The American Society for Health Care Engineering (ASHE) recently announced the results of the 2023 election for the ASHE Advisory Board, a group of volunteer leaders that collaborates to provide strategic input to the organization. In this interview, the newly elected Advisory Board members, who begin their terms in January, weigh in on their approaches to leadership and the state of the profession.
What inspired you to get involved in ASHE leadership?
Danielle Gathje: I was fortunate to have several leaders in my first year in health care who encouraged me to pursue a career in facilities, supported me in obtaining education and mentored me as I navigated through my development as a facilities leader. While it is difficult to sum up the appreciation I feel for them, their influence has been profound. Joining ASHE so early in my career allowed me to connect with various associate and professional members who influenced me to get involved. As my career has evolved, I have been honored with opportunities to sit on local boards and ASHE committees, speak at conferences and now serve on the ASHE Advisory Board.
The new ASHE Advisory Board members
The American Society for Health Care Engineering Advisory Board comprises nine regional representatives and two associate members elected to two-year terms, plus a president-elect who assumes the title of president in the second year of their two-year term. Half of the Advisory Board’s representative seats are up for election each year; the newest class of ASHE Advisory Board members took part in this interview:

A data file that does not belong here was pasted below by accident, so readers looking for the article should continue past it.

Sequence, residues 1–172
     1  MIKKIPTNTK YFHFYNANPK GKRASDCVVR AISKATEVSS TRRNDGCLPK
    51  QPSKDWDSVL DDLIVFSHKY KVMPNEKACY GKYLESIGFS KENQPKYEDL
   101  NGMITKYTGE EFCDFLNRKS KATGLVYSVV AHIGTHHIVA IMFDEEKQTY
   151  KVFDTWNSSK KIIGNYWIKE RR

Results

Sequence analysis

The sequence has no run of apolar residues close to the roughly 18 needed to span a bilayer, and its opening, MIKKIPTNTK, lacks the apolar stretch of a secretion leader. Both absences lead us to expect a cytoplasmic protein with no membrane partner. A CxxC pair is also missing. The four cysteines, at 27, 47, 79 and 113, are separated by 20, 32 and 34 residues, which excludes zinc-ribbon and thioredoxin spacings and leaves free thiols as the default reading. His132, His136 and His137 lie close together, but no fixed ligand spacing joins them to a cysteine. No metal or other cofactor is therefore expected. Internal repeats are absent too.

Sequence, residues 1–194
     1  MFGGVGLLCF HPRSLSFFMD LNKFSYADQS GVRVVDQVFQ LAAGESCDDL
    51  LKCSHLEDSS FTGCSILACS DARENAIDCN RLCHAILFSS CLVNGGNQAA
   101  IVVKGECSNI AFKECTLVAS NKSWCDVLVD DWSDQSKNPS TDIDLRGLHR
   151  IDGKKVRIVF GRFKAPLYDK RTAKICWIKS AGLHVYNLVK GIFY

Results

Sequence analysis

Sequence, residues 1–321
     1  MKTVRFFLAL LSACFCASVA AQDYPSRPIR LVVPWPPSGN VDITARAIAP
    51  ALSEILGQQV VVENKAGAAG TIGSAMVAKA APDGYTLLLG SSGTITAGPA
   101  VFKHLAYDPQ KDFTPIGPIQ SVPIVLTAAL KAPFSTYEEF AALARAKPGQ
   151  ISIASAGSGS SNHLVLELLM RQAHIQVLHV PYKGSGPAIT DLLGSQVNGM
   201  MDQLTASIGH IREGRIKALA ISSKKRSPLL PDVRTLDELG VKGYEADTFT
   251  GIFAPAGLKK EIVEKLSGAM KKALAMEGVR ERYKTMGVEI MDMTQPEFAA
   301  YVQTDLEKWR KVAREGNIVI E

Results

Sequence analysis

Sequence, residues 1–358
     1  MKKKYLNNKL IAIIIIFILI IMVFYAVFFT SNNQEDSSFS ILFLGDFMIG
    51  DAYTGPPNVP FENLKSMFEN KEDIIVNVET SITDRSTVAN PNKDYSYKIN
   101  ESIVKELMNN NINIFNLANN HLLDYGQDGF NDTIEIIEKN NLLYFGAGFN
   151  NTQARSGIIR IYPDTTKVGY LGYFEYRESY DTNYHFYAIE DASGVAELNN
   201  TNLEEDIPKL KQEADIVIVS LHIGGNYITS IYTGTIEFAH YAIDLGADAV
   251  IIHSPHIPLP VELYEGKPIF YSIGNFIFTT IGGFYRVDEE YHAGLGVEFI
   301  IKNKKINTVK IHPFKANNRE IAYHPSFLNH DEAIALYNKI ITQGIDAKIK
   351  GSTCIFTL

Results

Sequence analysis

President-elect: Michael Hatton, MBA, CHFM, FASHE, vice president of facilities engineering and construction at Memorial Hermann Health System, Houston
Region 3 Representative (second term): Dennis Ford, MHA, CHFM, CHC, FASHE, director of corporate facilities operations at Atrium Health, Charlotte, N.C.
Region 6 Representative (second term): Danielle Gathje, MBA, CHFM, SASHE, vice president of hospital operations at M Health Fairview – St. John’s Hospital, Maplewood, Minn.
Region 7 Representative: John Wilson, CHFM, SASHE, AIA, director of planning, design and construction at Parkland Health, Dallas